# Source code for statsmodels.stats.correlation_tools

```
# -*- coding: utf-8 -*-
"""
Created on Fri Aug 17 13:10:52 2012
Author: Josef Perktold
License: BSD-3
"""
import numpy as np
import scipy.sparse as sparse
from scipy.sparse.linalg import svds
from scipy.optimize import fminbound
import warnings
from statsmodels.tools.tools import Bunch
from statsmodels.tools.sm_exceptions import (
IterationLimitWarning, iteration_limit_doc)
def clip_evals(x, value=0): # threshold=0, value=0):
evals, evecs = np.linalg.eigh(x)
clipped = np.any(evals < value)
x_new = np.dot(evecs * np.maximum(evals, value), evecs.T)
return x_new, clipped
[docs]
def corr_nearest(corr, threshold=1e-15, n_fact=100):
'''
Find the nearest correlation matrix that is positive semi-definite.
The function iteratively adjust the correlation matrix by clipping the
eigenvalues of a difference matrix. The diagonal elements are set to one.
Parameters
----------
corr : ndarray, (k, k)
initial correlation matrix
threshold : float
clipping threshold for smallest eigenvalue, see Notes
n_fact : int or float
factor to determine the maximum number of iterations. The maximum
number of iterations is the integer part of the number of columns in
the correlation matrix times n_fact.
Returns
-------
corr_new : ndarray, (optional)
corrected correlation matrix
Notes
-----
The smallest eigenvalue of the corrected correlation matrix is
approximately equal to the ``threshold``.
If the threshold=0, then the smallest eigenvalue of the correlation matrix
might be negative, but zero within a numerical error, for example in the
range of -1e-16.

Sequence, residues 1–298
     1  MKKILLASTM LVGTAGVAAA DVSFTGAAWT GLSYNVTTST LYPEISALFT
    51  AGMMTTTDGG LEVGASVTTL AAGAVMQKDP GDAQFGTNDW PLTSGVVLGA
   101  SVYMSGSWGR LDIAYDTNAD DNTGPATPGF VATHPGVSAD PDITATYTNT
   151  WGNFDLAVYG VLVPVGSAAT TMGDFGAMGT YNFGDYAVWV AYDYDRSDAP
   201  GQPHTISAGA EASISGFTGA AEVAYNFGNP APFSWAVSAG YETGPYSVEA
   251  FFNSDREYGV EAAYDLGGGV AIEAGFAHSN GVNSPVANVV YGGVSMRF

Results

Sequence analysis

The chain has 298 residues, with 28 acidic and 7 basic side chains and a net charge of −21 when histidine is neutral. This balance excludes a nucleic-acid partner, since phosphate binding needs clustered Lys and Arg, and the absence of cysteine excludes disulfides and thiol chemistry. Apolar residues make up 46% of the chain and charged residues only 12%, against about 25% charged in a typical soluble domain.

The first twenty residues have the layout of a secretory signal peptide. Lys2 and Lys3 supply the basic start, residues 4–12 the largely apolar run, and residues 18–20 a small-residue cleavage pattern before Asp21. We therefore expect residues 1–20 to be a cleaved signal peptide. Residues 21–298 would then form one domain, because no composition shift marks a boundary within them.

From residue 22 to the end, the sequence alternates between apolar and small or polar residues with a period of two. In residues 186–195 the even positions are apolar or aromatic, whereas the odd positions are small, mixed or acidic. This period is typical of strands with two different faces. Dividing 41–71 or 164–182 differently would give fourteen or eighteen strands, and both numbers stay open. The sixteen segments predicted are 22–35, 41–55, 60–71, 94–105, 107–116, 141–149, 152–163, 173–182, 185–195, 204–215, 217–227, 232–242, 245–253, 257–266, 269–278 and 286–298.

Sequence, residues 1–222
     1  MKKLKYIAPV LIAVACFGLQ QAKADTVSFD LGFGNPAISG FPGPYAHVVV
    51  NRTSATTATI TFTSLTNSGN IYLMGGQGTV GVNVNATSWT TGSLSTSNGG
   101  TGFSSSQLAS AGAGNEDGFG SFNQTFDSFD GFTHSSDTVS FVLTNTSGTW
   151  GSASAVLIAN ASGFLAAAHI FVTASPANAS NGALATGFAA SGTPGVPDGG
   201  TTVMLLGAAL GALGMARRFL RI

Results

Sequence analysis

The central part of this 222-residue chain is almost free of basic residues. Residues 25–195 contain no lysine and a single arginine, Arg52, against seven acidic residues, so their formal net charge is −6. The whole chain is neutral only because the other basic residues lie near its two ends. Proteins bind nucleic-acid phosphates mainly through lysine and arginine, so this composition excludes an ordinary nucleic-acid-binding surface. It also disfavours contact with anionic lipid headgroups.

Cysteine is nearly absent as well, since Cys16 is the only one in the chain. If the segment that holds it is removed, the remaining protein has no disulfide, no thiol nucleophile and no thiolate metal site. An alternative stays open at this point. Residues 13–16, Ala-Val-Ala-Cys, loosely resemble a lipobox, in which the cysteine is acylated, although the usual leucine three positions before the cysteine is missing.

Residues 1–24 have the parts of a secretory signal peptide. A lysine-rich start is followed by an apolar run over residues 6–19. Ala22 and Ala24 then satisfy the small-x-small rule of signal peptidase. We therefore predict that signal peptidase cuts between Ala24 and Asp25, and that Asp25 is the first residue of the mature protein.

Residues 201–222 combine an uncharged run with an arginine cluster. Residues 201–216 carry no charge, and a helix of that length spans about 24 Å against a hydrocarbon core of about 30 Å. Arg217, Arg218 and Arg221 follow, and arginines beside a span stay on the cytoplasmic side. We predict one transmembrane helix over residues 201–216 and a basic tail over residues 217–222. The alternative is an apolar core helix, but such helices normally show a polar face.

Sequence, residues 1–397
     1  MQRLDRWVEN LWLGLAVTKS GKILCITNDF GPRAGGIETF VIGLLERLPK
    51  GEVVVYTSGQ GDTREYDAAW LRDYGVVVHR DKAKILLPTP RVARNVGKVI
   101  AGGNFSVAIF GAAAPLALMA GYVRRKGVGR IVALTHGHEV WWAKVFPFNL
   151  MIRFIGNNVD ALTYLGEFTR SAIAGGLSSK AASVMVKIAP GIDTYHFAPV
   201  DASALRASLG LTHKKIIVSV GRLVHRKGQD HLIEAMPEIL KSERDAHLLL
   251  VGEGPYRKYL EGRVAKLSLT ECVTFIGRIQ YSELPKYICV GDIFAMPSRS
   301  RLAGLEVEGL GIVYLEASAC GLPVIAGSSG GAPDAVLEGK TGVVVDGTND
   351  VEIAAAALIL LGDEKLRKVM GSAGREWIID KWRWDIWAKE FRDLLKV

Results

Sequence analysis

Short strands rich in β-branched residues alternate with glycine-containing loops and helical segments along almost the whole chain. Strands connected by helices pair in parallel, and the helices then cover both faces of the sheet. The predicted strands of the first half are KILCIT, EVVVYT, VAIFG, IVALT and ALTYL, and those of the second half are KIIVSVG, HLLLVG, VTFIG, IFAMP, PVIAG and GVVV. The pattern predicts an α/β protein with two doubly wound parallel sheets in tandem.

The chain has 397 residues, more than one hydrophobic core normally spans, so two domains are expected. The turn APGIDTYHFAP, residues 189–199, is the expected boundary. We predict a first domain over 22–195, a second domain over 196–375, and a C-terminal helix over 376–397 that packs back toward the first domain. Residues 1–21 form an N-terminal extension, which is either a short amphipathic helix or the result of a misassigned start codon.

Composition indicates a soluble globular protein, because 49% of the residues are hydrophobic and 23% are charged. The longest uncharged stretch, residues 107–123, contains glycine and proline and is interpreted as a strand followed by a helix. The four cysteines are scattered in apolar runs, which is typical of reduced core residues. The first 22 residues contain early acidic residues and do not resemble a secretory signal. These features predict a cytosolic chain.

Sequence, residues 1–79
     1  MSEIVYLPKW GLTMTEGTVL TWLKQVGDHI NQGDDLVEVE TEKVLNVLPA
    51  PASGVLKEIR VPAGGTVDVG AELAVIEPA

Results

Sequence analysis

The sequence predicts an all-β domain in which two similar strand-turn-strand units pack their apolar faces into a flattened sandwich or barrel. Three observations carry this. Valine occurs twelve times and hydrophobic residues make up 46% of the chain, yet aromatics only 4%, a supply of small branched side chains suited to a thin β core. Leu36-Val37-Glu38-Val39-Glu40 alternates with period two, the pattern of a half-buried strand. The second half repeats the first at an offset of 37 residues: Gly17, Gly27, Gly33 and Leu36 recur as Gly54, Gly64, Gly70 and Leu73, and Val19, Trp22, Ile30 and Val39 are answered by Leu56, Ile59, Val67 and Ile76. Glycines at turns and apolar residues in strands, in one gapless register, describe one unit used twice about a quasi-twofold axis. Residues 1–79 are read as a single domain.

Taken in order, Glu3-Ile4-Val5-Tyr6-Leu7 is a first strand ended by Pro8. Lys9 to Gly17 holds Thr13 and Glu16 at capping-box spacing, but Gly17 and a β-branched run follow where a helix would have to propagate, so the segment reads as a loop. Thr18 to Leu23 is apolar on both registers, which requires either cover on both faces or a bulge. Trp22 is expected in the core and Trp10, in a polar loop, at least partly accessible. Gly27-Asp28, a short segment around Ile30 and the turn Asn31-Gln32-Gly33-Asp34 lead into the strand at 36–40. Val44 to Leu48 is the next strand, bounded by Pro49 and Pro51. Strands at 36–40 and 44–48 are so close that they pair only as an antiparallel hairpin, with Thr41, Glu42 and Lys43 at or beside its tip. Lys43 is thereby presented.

Assumes input correlation matrix is symmetric.
Stops after the first step if correlation matrix is already positive
semi-definite or positive definite, so that smallest eigenvalue is above
threshold. In this case, the returned array is not the original, but
is equal to it within numerical precision.
See Also
--------
corr_clipped
cov_nearest
'''
k_vars = corr.shape[0]
if k_vars != corr.shape[1]:
raise ValueError("matrix is not square")
diff = np.zeros(corr.shape)
x_new = corr.copy()
diag_idx = np.arange(k_vars)
for ii in range(int(len(corr) * n_fact)):
x_adj = x_new - diff
x_psd, clipped = clip_evals(x_adj, value=threshold)
if not clipped:
x_new = x_psd
break
diff = x_psd - x_adj
x_new = x_psd.copy()
x_new[diag_idx, diag_idx] = 1
else:
warnings.warn(iteration_limit_doc, IterationLimitWarning)
return x_new
[docs]
def corr_clipped(corr, threshold=1e-15):
'''
Find a near correlation matrix that is positive semi-definite
This function clips the eigenvalues, replacing eigenvalues smaller than
the threshold by the threshold. The new matrix is normalized, so that the
diagonal elements are one.
Compared to corr_nearest, the distance between the original correlation
matrix and the positive definite correlation matrix is larger, however,
it is much faster since it only computes eigenvalues once.
Parameters
----------
corr : ndarray, (k, k)
initial correlation matrix
threshold : float
clipping threshold for smallest eigenvalue, see Notes
Returns
-------
corr_new : ndarray, (optional)
corrected correlation matrix
Notes
-----
The smallest eigenvalue of the corrected correlation matrix is
approximately equal to the ``threshold``. In examples, the
smallest eigenvalue can be by a factor of 10 smaller than the threshold,
e.g. threshold 1e-8 can result in smallest eigenvalue in the range
between 1e-9 and 1e-8.
If the threshold=0, then the smallest eigenvalue of the correlation matrix
might be negative, but zero within a numerical error, for example in the
range of -1e-16.
Assumes input correlation matrix is symmetric. The diagonal elements of
returned correlation matrix is set to ones.
If the correlation matrix is already positive semi-definite given the
threshold, then the original correlation matrix is returned.
``cov_clipped`` is 40 or more times faster than ``cov_nearest`` in simple
example, but has a slightly larger approximation error.
See Also
--------
corr_nearest
cov_nearest
'''
x_new, clipped = clip_evals(corr, value=threshold)
if not clipped:
return corr
# cov2corr
x_std = np.sqrt(np.diag(x_new))
x_new = x_new / x_std / x_std[:, None]
return x_new
[docs]
def cov_nearest(cov, method='clipped', threshold=1e-15, n_fact=100,
return_all=False):
"""
Find the nearest covariance matrix that is positive (semi-) definite
This leaves the diagonal, i.e. the variance, unchanged
Parameters
----------
cov : ndarray, (k,k)
initial covariance matrix
method : str